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Risk & Repeat: DEFCON tackles voting machine security

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In this week's Risk & Repeat podcast, SearchSecurity editors discuss DEFCON's efforts to improve voting machine security in the wake of hacking threats during the 2016 election.

With U.S. midterm elections approximately a year away, DEFCON organizers are sounding the alarm on lackluster voting machine security.

Last week, DEFCON published research on vulnerabilities and security shortcomings found in U.S. election equipment and infrastructures during the conference's Voting Village this past summer. DEFCON founder Jeff Moss, along with other security researchers and experts who co-authored the DEFCON report, held a press conference highlighting some of the findings on voting machine security.

In addition, Moss urged election officials and voting machine manufacturers to work with the infosec community and provide researchers access to the latest equipment so it can be thoroughly analyzed and vetted. To that end, DEFCON organizers offered free penetration testing and security training to state and local election offices.

Will election officials take DEFCON up on its offer to help? What were the most surprising findings in the Voting Village research report? Can election security be protected from hacking threats before the midterm elections in 2018?

In this episode of the Risk & Repeat podcast, SearchSecurity Editor Rob Wright and Senior Reporter Michael Heller discuss those questions and more on DEFCON's effort to improve voting machine security.

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How will the DEFCON Voting Village research help improve election security?
Any serious look at voting machines, and at the larger voter registration and election process from which the machines cannot be separated, needs to separate the partisan hype from reality.

On one side, people talk of millions of illegal immigrants voting.
On the other side, people talk of the "Russians".

The reality is that vote fraud does exist...and overwhelmingly it is committed by patronage employees and contractors of politicians who are natural born US citizens and neither illegals nor Russians.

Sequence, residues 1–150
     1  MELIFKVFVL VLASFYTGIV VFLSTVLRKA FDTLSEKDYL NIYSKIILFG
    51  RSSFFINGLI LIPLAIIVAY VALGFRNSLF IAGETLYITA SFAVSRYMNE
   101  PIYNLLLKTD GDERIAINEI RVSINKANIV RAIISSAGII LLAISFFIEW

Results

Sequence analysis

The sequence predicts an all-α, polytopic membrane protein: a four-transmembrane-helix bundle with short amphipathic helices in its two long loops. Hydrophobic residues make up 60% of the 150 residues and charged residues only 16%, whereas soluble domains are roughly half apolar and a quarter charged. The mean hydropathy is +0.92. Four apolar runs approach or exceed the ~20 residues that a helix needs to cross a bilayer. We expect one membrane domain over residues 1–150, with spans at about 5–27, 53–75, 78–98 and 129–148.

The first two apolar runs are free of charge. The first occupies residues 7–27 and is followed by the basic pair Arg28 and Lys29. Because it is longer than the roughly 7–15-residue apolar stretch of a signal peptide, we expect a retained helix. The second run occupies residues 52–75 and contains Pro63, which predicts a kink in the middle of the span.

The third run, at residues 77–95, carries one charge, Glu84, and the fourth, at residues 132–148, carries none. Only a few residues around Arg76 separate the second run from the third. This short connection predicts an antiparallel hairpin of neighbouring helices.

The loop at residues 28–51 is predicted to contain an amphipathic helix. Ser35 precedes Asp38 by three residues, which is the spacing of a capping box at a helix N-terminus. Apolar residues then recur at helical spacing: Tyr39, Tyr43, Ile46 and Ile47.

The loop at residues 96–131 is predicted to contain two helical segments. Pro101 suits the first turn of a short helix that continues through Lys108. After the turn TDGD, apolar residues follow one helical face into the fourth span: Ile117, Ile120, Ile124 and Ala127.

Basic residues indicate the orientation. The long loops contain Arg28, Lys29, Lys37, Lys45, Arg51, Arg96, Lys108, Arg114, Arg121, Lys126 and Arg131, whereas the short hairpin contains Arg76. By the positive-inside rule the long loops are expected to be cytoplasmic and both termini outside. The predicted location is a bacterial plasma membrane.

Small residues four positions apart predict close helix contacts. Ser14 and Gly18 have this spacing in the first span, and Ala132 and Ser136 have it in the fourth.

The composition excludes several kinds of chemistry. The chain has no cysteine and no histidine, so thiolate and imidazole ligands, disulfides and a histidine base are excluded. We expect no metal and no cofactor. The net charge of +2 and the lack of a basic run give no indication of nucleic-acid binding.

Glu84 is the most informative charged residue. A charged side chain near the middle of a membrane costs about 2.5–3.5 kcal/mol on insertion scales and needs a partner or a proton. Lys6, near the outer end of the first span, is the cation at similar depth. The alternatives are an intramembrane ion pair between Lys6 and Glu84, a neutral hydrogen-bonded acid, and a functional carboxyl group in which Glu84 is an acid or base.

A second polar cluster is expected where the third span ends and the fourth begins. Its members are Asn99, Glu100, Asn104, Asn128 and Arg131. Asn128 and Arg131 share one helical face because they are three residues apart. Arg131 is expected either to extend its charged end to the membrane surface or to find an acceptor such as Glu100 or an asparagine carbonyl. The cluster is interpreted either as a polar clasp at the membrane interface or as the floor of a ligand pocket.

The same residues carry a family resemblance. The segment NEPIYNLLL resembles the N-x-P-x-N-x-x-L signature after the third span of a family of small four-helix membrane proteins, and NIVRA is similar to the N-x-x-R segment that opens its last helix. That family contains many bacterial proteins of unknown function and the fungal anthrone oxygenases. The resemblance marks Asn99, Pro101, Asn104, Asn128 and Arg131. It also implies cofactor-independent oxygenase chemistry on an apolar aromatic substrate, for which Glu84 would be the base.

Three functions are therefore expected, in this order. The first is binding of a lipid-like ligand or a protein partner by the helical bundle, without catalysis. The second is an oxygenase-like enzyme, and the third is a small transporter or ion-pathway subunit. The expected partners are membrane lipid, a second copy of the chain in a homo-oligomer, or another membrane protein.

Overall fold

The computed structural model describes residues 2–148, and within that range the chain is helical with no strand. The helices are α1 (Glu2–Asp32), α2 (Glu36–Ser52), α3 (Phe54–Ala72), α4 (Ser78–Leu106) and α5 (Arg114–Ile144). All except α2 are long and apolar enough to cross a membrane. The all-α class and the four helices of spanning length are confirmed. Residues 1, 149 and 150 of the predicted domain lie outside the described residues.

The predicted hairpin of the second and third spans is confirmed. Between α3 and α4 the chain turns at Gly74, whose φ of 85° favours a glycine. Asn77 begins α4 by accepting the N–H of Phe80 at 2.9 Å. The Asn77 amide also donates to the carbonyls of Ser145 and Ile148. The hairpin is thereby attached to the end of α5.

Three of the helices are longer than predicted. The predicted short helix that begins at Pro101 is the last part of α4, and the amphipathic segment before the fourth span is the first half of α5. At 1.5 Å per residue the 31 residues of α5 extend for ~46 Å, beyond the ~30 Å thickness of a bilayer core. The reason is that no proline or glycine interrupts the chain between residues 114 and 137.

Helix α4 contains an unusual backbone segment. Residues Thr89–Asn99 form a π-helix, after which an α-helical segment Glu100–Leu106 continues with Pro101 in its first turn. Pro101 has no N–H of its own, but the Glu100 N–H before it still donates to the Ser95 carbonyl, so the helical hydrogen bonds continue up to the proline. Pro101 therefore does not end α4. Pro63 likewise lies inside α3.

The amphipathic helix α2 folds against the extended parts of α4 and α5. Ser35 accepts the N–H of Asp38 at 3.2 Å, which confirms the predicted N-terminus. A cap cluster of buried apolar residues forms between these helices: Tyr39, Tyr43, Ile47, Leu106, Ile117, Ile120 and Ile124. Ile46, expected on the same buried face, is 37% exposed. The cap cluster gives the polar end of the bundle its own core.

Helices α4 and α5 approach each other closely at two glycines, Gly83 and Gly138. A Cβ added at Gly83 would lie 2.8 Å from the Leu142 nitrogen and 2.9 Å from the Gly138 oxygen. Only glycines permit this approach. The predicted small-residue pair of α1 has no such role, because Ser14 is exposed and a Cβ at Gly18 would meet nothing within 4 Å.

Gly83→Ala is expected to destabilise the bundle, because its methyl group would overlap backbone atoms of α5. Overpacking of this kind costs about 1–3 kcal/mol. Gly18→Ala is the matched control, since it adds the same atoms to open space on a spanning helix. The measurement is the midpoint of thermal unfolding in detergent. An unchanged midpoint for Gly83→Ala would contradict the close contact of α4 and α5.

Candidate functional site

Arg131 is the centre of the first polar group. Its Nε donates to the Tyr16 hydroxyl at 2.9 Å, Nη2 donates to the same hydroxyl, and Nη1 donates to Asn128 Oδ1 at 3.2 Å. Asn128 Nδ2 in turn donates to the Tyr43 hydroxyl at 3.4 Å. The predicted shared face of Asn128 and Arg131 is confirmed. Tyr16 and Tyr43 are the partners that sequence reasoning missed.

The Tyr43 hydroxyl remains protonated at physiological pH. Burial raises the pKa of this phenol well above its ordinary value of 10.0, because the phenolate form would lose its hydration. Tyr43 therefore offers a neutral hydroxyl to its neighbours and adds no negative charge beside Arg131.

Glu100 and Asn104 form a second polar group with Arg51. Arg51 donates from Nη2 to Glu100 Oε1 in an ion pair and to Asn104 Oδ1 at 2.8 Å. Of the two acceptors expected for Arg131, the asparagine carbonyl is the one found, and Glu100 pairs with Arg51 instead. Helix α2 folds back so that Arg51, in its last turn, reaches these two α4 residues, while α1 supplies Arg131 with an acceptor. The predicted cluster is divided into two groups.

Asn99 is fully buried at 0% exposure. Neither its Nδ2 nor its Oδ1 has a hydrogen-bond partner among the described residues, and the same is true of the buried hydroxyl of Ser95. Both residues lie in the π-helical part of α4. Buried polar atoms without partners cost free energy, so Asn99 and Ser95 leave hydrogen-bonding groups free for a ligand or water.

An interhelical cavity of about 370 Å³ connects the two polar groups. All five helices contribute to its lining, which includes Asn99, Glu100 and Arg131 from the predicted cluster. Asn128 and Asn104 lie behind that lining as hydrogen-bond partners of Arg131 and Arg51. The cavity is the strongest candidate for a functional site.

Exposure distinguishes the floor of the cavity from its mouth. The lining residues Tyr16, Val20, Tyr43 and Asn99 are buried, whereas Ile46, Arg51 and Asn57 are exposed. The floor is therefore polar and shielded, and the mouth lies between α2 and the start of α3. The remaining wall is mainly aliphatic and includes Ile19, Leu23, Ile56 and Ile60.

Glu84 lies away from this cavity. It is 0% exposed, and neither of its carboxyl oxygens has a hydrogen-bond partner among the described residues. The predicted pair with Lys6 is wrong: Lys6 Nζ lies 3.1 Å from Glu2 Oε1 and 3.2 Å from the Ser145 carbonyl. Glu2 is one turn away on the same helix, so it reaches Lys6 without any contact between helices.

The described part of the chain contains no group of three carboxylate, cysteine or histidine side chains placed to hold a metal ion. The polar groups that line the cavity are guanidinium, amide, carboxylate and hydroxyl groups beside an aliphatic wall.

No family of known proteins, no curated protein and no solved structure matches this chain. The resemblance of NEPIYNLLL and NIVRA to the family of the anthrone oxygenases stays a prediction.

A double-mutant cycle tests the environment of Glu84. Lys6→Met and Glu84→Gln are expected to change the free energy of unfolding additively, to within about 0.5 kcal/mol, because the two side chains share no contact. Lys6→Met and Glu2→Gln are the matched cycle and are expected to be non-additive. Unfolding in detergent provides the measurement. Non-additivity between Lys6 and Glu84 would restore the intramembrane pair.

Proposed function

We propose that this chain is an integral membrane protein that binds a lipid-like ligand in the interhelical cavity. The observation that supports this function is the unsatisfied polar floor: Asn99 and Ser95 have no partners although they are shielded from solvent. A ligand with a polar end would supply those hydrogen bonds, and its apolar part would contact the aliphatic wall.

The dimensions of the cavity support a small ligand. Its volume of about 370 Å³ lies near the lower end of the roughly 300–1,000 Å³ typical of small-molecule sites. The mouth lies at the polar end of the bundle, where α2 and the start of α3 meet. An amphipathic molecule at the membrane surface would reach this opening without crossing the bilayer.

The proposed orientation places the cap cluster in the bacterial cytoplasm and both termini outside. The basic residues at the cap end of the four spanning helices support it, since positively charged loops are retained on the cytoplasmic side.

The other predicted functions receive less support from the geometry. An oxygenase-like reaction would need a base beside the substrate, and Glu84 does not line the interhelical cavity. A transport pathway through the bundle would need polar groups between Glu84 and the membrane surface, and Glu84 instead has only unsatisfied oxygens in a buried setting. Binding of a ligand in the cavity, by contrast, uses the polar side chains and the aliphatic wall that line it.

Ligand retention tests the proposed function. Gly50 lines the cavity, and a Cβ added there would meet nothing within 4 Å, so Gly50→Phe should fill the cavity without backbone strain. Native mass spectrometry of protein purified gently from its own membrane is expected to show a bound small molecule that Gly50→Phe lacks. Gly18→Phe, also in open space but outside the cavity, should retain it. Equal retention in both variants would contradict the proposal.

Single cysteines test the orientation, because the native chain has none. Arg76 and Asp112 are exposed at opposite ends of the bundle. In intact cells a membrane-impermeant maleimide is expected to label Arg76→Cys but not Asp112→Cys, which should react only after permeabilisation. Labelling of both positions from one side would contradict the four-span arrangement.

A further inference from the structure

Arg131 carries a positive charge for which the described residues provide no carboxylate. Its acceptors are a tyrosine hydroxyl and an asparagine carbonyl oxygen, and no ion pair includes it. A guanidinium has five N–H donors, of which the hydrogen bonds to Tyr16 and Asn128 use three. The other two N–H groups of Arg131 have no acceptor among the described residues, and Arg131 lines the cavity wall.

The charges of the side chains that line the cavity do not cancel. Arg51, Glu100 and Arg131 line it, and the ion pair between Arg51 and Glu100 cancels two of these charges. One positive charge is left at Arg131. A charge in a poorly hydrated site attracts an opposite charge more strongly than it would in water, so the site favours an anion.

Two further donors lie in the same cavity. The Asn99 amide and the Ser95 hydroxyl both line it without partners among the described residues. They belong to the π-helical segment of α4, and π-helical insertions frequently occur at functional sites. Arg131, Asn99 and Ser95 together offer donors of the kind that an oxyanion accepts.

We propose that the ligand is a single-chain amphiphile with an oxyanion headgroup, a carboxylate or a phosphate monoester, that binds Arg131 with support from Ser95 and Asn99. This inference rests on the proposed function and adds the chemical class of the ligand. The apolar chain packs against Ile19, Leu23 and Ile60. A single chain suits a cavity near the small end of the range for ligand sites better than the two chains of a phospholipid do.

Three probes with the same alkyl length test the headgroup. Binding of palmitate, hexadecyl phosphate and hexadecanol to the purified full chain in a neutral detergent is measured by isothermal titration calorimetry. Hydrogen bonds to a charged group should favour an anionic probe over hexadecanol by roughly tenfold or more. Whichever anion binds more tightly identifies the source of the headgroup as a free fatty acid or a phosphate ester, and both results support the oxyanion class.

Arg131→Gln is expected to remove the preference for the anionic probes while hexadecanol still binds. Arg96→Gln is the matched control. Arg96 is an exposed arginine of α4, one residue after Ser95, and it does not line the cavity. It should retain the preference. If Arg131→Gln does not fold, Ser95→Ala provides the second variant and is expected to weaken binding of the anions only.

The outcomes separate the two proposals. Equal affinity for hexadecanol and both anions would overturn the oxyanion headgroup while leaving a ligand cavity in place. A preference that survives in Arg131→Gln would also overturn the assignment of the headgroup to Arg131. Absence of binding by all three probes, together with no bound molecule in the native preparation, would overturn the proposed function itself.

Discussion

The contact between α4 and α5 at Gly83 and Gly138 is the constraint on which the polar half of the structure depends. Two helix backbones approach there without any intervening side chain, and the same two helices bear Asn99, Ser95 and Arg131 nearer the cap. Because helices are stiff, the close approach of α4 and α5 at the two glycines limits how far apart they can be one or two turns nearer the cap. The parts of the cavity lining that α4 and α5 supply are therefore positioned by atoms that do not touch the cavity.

How can a machine, and the system of which it is a part, prevent one person from casting many votes by impersonating other people who are registered by do not vote because they are dead, or more likely, because they moved away but have not yet been removed from the voter registration database?

How can a machine, and the system, prevent the altering of the vote count inside the machine.  The most common way to alter the vote count is to shift the undervotes and the 3d party votes to the favored candidate.  In a race where both major party candidates are hated, the undervote is significant.  A less common way to alter the vote count is to increase the total vote count to more than the number of people who actually voted, sometimes to a number greater than the number of people registered in the precinct.

Real world situations need to be addressed before we go trying to solve the elusive Russian and illegal immigrant fantasies.
It is very difficult for bad-actors to break encryption when modern algorithms, long keys, and very secure key management methods are used. Storing a copy of the key or a master-key used to encrypt the data-encryption keys poses additional problems because  we then have to trust the holder of the stored keys or master-keys. A method of using polynomials to split keys into N parts such that M<N holders of one of the key parts must cooperate with the government in order to access the encryption key would work. M trusted organizations each hold part of a key that can be used in combination with M-1 other part holders to  decrypt  the government requested key. This means that at least M of the N holders of parts of the key-decryption key must agree with the government's warrant.  The government would compensate  the N trusted organizations for the cost of this service. Organizations encrypting data that the Government thinks might be the subject of a future warrant would generate their encryption key, encrypt that key in in a generated Master Key and then split that master key into N parts which are distributed,along with the encrypted (by the master key) key to the N trusted organizations in a highly secured manner. Such distributed key-parts would be fully identified - organization, key identity, and key version number. The N trusted organizations then accede to the warrant by sending the encrypted target key and the master key part that they are entrusted with to the appropriate government agency and notify the original creator of the encryption key. The Government agency can now recover the target key. The trusted N organizations would be a mix of non-government, independent  organizations whose main activity-focus is not related to the Government. If this overall process was highly automated by secured software that is operated by the selected trusted personnel at each of the N trusted organizations it would provide all parties with appropriate security and warranted, monitored access to necessary key for law enforcement.